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Charities commissioner issues election advocacy warning


24 February 2022 at 8:18 am
Maggie Coggan
But advocacy leaders say charities should not be afraid to speak out


Maggie Coggan | 24 February 2022 at 8:18 am


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Charities commissioner issues election advocacy warning
24 February 2022 at 8:18 am

But advocacy leaders say charities should not be afraid to speak out 

The head of the ACNC has been forced to clarify recent comments he made on charitable advocacy during an election period, with questions being raised around his understanding of the issue. 

In his February column, Dr Gary Johns said that charities should be conscious of how campaigning activities might affect their reputation. 

“This is especially true in an election year, where there is an increased risk that the public could see these activities as promoting or opposing a particular political party or candidate,” he said.

During Senate Estimates last week, Johns was questioned by Labor senator Anthony Chisholm on what the rules of charitable advocacy actually were. 

Chisholm said that there was a slight difference in the wording around when charities can advocate between what was on the Australian Charities and Not-for-profit Commission’s website, and what was published in the most recent Commissioner’s Column

In his column Johns said charities can advocate or campaign if their rules allow it, while the advice on the ACNC website is that they can advocate or campaign if their rules don’t prevent it, which Senator Chisholm said was a”more open and permissive frame”.

Johns confirmed there had not been a change to what was stated on the website, his column just reflected “a different statement”.

Johns responded that rather than there being any changes to the definition, it was just “a different statement”.

He went on to say he agreed that the ability for charities to advocate and campaign robustly on issues central to their purpose remained an important part of this country’s democracy.

Charities are already on edge 

Previous research has shown that many charities already avoid political advocacy and operate within a culture of “self-silencing” for fear of risking their financial security or attracting political retribution.

And over the past year, the charity sector has faced a number of threats on its right to advocate.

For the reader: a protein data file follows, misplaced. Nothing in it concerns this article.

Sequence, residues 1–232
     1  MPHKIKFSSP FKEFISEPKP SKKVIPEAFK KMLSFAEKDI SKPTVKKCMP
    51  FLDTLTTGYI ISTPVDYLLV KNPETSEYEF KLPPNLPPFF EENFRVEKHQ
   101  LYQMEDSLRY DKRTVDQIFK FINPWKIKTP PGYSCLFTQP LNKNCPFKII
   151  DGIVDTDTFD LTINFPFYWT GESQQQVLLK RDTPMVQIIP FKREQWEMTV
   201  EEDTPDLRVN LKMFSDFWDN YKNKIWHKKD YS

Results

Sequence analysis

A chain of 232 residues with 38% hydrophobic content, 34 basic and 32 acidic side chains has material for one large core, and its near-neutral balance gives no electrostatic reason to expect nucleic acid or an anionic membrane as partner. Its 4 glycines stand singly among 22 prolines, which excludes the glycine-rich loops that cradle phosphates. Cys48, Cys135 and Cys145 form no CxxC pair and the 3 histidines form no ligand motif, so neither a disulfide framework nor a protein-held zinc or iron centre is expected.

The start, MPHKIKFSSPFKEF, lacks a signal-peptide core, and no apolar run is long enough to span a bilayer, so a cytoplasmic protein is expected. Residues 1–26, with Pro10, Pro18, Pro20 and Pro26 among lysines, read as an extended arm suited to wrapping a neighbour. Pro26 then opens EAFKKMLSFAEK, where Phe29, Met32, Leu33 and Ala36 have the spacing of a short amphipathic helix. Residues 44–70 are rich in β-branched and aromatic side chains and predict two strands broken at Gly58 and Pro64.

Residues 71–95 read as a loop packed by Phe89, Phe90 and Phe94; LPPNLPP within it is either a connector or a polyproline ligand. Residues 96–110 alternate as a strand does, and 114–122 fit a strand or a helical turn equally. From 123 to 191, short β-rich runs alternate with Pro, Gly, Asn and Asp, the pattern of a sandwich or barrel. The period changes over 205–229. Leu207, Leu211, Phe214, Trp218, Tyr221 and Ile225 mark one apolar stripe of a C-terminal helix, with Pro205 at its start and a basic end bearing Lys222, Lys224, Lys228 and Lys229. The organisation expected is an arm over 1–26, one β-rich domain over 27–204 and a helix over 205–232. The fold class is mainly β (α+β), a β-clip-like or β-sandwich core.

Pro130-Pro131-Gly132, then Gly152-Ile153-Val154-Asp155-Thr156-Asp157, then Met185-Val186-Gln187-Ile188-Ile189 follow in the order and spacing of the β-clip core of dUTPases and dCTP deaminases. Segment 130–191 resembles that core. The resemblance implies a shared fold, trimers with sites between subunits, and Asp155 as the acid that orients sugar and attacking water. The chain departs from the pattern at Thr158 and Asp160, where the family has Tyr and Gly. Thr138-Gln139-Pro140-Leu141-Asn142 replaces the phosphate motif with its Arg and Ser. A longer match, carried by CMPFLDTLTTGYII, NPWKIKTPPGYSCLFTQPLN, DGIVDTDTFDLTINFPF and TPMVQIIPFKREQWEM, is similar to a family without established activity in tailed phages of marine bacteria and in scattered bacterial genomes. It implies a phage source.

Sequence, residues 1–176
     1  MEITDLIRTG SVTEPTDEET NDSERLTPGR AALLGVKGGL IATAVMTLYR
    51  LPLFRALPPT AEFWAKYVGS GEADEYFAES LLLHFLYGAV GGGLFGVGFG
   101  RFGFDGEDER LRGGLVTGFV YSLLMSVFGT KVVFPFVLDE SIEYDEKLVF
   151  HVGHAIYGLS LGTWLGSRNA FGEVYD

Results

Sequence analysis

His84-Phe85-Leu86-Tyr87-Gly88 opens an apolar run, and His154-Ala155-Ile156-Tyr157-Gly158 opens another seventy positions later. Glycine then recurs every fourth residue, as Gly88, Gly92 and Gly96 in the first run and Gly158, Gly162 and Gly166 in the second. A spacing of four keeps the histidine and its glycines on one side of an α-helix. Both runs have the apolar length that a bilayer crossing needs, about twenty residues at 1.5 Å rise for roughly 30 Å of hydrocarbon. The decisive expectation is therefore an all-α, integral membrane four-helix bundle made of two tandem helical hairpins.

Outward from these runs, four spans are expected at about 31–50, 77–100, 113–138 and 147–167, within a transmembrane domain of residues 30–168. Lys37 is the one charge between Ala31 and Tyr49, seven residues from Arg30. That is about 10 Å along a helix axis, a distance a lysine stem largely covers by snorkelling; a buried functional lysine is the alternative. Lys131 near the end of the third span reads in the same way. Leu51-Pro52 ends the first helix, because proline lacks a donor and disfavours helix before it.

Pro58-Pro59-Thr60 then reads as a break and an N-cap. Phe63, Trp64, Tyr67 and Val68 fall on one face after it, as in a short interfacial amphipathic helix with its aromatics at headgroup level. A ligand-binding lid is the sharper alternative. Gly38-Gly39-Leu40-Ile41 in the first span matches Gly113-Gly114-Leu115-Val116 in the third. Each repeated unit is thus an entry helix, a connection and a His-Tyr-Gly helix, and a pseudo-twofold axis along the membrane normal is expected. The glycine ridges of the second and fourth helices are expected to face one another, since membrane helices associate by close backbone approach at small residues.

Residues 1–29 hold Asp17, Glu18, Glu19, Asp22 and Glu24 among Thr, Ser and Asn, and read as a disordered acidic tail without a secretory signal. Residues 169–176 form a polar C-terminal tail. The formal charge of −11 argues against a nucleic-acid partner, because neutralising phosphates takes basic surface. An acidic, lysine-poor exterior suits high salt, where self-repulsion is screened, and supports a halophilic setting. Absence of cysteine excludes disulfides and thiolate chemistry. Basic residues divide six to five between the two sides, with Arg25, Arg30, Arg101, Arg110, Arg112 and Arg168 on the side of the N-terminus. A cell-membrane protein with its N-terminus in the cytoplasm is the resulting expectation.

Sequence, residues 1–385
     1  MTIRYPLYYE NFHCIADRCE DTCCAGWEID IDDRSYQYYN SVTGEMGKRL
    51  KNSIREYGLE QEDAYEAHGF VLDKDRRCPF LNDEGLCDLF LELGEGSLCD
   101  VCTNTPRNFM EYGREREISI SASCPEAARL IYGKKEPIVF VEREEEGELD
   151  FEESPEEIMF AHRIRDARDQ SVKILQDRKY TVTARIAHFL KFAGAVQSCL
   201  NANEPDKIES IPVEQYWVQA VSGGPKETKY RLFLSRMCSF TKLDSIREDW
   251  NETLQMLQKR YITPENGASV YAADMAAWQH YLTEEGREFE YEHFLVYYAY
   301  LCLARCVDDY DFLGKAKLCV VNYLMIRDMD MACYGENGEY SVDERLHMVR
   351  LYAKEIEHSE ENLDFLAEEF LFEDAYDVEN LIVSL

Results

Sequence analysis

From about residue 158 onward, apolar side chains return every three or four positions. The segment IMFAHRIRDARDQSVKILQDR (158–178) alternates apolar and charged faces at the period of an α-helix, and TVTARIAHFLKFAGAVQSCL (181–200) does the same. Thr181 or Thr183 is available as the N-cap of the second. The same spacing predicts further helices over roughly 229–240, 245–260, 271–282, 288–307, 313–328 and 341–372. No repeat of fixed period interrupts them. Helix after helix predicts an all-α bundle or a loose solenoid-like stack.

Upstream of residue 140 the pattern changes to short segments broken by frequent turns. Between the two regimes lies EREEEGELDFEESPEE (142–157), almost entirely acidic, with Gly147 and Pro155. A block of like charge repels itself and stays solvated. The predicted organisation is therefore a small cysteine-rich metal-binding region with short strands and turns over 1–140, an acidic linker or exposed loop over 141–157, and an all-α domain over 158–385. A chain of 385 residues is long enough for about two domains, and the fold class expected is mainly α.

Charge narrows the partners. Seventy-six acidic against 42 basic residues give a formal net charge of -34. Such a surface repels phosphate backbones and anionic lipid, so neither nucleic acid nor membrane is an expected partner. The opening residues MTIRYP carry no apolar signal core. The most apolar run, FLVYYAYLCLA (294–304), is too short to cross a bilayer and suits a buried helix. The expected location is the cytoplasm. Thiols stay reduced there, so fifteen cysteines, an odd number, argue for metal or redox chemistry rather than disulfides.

For the majority of 2021, the sector fought against a plan to strengthen laws to ensure charities engaging in or using their resources to actively promote unlawful behaviour faced enforcement action.  

And more recently, charities were left shocked and angry after the controversial Electoral Legislation Amendment (Political Campaigners) Bill was rushed through the upper house. 

The bill lowers the threshold for entities such as charities to disclose political spending and will force charities to reveal their donors with retrospective effect, which many believe places unnecessary burden on charities that engage in issues-based advocacy at election times and makes it harder for Australians to participate in national debates on important issues.

Jolene Elberth, the Australian Conservation Foundation’s democracy campaigner, told Pro Bono News that these perceived threats meant charities were “on edge” coming into this election. 

“The recent changes, particularly to the political campaigner regulations, have really put the sector on edge and they are now grappling with what that means for them so close to an election,” Elberth said.  

“But as the sector knows, charities absolutely can and should participate in the political process.” 

She said that the commissioner’s comments reaffirmed the point that as long as charities were working within their charitable purpose, they had the right to campaign and advocate. 

“I think charities leading up to the election should be aware of the rules, but should not be afraid to speak out because charities being in the public debate is such an important part of our democracy and our political process,” she said. 

If you are unsure of what exactly the rules are, The Human Rights Law Centre has updated its guide to support advocacy and electoral compliance: Not-for-profits’ guide to complying with Commonwealth electoral laws and What to do if you’re a significant third party


Maggie Coggan  |  Journalist  |  @MaggieCoggan

Maggie Coggan is a journalist at Pro Bono News covering the social sector.

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